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Re: [Bug-apl] Error handling and IO

From: Louis de Forcrand
Subject: Re: [Bug-apl] Error handling and IO
Date: Thu, 23 Jun 2016 17:07:08 +0200

Hi Elias,

If I understood your solution correctly, it basically boils down to the (correct, as far as I can tell)
assumption that, for every block of adjacent face-down pancakes, you need two flips:
- one to flip all the pancakes up to the first face-down one
- one to flip the whole block of now face-down pancakes back face-up

This seems to always be correct, except if the very top block is face-down, in which case one
extra flip is required for that block.

Having understood this, I came up with a slightly different solution:
(~↑X)+2×+/2>/X if 0 represents a face-down pancake, and
(↑X)+2×+/2</X obviously if 1 represents a face-down one.

Does this seem correct to you? If it does, I hope it helped others understand your solution.


On 23 Jun 2016, at 02:39, Elias Mårtenson <address@hidden> wrote:

No, actually not. The problem statement says that the final state of the pancake stack should be that they are all facing up. Thus if the final state is 0,there needs to be an extra flip done.


On 23 Jun 2016 02:25, "Juergen Sauermann" <address@hidden> wrote:

a minor bug below:

      +/(X,1)≠(1↑X),X←1 1 1 0 1 1 1 1 1 0 0 0 1 0 0 1 0 0 0 0
      +/(X,1)≠(1↑X),X←1 1 1 0 1 1 1 1 1 0 0 0 1 0 0 1 0 0 0 1

Maybe you meant

      +/(X,¯1↑X)≠(1↑X),X←1 1 1 0 1 1 1 1 1 0 0 0 1 0 0 1 0 0 0 0
      +/(X,¯1↑X)≠(1↑X),X←1 1 1 0 1 1 1 1 1 0 0 0 1 0 0 1 0 0 0 1

/// Jürgen

On 06/22/2016 08:27 AM, Elias Mårtenson wrote:
I've CC'ed the gnu-apl list with my answer to Christian's question, since I think this is an interesting discussion. For the newcomers, this is about the solution to this Codejam question: https://code.google.com/codejam/contest/6254486/dashboard#s=p1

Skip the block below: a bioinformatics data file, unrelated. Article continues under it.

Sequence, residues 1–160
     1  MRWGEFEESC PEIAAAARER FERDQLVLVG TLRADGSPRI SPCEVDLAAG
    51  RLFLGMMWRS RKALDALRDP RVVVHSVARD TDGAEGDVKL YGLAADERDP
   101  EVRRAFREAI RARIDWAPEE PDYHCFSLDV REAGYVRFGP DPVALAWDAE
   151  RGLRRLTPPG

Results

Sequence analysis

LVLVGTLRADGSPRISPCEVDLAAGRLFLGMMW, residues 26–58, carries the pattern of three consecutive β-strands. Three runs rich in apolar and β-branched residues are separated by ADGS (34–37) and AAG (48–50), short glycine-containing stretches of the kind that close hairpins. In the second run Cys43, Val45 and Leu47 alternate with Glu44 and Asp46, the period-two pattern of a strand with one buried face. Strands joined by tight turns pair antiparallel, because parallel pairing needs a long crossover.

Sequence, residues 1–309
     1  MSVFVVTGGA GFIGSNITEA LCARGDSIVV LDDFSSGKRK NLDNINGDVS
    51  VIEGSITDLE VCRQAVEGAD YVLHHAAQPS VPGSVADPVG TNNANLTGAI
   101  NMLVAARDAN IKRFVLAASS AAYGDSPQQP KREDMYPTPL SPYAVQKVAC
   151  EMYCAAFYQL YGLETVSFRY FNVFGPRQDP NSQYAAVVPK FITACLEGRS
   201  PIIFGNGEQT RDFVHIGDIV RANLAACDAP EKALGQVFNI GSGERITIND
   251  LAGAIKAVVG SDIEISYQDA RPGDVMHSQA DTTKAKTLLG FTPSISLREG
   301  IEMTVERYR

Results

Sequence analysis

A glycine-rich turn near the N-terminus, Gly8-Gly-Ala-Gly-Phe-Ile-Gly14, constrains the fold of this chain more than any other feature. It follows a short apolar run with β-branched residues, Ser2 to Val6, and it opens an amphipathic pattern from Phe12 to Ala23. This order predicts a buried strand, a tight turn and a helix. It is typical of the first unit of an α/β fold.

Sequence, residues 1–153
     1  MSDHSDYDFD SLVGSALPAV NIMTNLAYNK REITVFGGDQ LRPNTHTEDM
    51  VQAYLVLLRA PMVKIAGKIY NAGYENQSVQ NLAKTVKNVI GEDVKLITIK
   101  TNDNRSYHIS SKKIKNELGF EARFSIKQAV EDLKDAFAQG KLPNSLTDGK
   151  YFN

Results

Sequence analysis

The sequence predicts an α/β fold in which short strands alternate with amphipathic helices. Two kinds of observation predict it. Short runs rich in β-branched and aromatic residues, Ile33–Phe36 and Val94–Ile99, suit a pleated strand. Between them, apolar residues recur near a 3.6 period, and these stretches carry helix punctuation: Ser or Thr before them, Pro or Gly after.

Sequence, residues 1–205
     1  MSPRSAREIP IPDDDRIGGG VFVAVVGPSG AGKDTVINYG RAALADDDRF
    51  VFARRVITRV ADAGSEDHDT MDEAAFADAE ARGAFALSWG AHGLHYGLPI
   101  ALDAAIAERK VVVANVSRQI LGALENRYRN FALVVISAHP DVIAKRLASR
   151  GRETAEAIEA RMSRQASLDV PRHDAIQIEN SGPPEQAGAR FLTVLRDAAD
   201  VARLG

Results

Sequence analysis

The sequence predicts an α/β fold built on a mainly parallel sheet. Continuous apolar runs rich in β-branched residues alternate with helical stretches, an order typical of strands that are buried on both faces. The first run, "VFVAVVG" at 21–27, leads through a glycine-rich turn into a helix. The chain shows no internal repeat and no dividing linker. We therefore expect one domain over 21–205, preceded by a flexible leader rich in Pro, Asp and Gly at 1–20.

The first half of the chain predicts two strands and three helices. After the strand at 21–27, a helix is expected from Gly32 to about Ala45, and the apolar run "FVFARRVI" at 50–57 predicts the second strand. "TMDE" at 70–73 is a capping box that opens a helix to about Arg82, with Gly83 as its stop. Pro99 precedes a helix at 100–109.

It's quite simple actually. The idea is simply based on the observation that what you really want to compute is the number of transitions 0→1 and 1→0.

The original list is compared to another list that is the same as the original, but shifted one step to the left. The last element shifted in is a 1, since you always want the final stack to be face-side-up.

Thus, the comparison is:

1 1 1 0 1 1 1 1 1 0 0 0 1 0 0 1 0 0 0 1
1 1 0 1 1 1 1 1 0 0 0 1 0 0 1 0 0 0 1 1
0 0 1 1 0 0 0 0 1 0 0 1 1 0 1 1 0 0 1 0

Then, all you have to do is to count the number of ones in the result.


I just thought of a different way to think of this. If I simply remove any series of consecutive numbers, all I have to do is to count the length of the resulting array (subtracting one if the final element is 1). However, the method of eliminating duplicates in APL is very similar to the above solution (comparing with a shifted array) so even if you approach the problem in this way, the code will be pretty much identical.


On 22 June 2016 at 13:09, Christian Robert <address@hidden> wrote:
1 1 1 0 1 1 1 1 1 0 0 0 1 0 0 1 0 0 0 1

Well, 8 is the answer to the question, it says nothing on how to solve that puzzle.